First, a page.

Oh my. I just went back and re-listened to today’s episode of Hidden Voices, Employment First.
When we were making that show, it was deep in the summer. I was really going through something. For several of these episodes, I tell a personal story in order to serve as a bridge between our general audience and what might feel like an unbreachable experience—what it feels like to move through the world as a person with a developmental disability.
The Employment First episode opens with a meditation on that painful time in my early twenties when I struggled mightily to find my purpose. I had so many different, little jobs, none of which added up to gainful employment. Not only was I not making it financially, I had no sense of autonomy, of dignity.
When I got into the studio and started recording that segment, I broke down crying. Cried like I hadn’t done in a very long time. I realized a couple things in that moment. One is that, the last couple of years, building StoryMuse, have been the most meaningful in my life. Still, it’s been very hard at times, not making enough money, running from project to project, trying to piece it all together. As you may have read in one of my most recent posts, though, I’ve come through my “moment of discernment” and recommitted myself to this work.
Still, one of the jobs during that wandering period came to mind. Not long after I graduated from college, for exactly one week, I worked as support staff at a day program, which was actually just a glorified work facility for people with intellectual disabilities. Because this is a national chain, I will refrain from telling you the name of it. For most of the day, my job was to sit and supervise people as they separated plastic bottle caps into giant piles. It was, hands down, one of the worst jobs I’ve ever had. The facility was grungy; the work, monotonous. There was no natural light. Everyone smoked all day long, so I developed a terrible sinus infection by the end of that first week. I had no health insurance to go to the doctor with said sinus infection.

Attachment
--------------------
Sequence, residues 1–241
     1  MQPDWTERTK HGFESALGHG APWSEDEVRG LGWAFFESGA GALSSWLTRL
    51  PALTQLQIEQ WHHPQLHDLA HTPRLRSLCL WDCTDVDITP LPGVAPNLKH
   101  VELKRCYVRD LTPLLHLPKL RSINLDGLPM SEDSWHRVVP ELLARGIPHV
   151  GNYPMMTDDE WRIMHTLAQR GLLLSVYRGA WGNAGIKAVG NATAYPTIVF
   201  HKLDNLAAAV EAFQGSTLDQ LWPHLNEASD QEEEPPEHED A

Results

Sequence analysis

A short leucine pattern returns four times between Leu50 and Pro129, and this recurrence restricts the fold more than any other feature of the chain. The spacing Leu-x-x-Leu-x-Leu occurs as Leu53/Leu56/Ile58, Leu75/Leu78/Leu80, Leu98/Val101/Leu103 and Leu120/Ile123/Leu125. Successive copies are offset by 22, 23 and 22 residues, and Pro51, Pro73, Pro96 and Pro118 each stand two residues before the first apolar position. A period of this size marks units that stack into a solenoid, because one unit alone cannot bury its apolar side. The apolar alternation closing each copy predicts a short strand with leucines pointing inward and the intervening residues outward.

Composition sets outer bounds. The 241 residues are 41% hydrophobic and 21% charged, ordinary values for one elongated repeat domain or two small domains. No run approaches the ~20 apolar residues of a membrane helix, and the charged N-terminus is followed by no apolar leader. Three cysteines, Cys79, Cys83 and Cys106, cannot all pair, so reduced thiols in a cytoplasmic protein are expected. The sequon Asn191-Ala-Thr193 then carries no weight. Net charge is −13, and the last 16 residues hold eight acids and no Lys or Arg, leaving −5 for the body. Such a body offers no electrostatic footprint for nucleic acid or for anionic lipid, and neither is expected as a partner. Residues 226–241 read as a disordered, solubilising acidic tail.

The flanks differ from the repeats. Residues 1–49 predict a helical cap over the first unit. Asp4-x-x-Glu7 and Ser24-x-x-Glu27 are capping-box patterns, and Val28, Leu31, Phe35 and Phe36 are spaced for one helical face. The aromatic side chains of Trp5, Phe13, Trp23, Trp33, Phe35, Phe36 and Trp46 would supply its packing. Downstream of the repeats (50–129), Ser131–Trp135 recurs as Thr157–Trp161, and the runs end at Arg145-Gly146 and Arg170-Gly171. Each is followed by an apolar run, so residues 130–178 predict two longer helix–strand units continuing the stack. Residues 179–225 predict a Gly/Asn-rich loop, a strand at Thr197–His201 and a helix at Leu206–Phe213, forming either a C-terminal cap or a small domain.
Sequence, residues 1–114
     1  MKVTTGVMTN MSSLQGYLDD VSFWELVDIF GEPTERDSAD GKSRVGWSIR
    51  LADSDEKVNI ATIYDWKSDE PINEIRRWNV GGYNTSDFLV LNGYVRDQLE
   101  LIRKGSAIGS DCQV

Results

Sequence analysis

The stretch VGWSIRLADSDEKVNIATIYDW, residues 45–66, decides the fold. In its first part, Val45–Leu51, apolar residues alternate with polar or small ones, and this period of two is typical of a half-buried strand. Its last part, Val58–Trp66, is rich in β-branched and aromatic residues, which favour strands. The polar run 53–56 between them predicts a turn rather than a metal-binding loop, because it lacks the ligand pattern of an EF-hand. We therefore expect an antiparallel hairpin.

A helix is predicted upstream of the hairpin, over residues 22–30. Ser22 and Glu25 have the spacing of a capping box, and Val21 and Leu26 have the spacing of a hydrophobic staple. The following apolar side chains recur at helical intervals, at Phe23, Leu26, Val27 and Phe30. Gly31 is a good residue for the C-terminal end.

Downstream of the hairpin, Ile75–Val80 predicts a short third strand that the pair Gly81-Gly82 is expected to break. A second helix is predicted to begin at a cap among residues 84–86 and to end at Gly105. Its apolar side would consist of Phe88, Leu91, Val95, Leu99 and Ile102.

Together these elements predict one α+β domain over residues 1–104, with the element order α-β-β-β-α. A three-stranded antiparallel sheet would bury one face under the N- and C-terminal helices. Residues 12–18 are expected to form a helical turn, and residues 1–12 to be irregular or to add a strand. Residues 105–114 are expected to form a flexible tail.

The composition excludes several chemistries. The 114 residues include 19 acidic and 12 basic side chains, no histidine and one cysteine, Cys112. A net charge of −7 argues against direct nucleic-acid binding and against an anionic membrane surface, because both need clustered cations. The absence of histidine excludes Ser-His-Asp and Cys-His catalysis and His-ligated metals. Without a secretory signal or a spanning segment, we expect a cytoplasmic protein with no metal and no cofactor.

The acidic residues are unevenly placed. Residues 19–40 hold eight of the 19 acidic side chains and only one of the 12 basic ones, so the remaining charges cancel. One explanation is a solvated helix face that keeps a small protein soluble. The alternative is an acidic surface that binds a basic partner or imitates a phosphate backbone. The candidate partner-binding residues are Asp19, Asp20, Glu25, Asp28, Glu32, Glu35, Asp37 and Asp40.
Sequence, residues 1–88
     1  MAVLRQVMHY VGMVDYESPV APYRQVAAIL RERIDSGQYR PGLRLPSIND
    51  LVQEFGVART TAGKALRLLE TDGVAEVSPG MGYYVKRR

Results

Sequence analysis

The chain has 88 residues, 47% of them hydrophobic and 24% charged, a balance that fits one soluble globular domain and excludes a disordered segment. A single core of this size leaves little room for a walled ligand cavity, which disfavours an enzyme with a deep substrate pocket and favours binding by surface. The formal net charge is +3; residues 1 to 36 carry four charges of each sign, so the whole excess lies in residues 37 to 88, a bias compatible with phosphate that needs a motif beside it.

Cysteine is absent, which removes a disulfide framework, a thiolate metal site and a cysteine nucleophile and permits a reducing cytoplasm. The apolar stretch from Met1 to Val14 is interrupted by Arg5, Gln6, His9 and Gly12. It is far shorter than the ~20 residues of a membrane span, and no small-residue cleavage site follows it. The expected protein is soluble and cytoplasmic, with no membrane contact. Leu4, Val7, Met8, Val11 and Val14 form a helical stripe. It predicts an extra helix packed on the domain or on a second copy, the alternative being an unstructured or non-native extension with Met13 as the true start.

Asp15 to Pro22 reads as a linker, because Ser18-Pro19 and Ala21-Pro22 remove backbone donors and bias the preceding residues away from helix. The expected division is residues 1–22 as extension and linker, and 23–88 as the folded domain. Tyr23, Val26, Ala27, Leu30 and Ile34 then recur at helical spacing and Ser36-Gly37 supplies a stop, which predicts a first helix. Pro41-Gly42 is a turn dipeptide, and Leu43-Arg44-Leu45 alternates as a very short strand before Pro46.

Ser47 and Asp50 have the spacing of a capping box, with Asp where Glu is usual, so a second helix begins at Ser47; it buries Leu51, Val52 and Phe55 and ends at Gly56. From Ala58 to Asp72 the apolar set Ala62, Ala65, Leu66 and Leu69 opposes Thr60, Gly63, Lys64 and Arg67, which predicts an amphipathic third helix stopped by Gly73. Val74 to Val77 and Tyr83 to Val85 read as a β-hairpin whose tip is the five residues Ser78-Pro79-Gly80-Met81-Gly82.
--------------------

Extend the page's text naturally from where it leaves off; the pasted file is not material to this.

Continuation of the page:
On that Friday afternoon, I came home, crawled into bed with a frozen pizza, and cried because I couldn’t bear the idea of going back. Monday morning, still sick and miserable, I didn’t. I never went back.
I thought a lot about that place as we made the Employment First episode. We’ve come a long way since that time. People with intellectual & developmental disabilities (I/DD) have more options. Unfortunately, not everyone knows about these options.TextREMOVE
We spotlight three very awesome people who are making their lives their own: Nandi, Tira, and Chad.
It should come as no surprise that I especially love what Nandi has to say about the importance of helping people start their own businesses.
Although, it breaks my heart when Nandi says that there are two worlds…the community and the disability community. It’s sad, but sometimes true. We need to make those two come together, so we no longer see them as separate from each other.
Know what would help? If we saw everyone as deserving of their own pathway toward meaningful, gainful employment.
Please, tune in and talk back.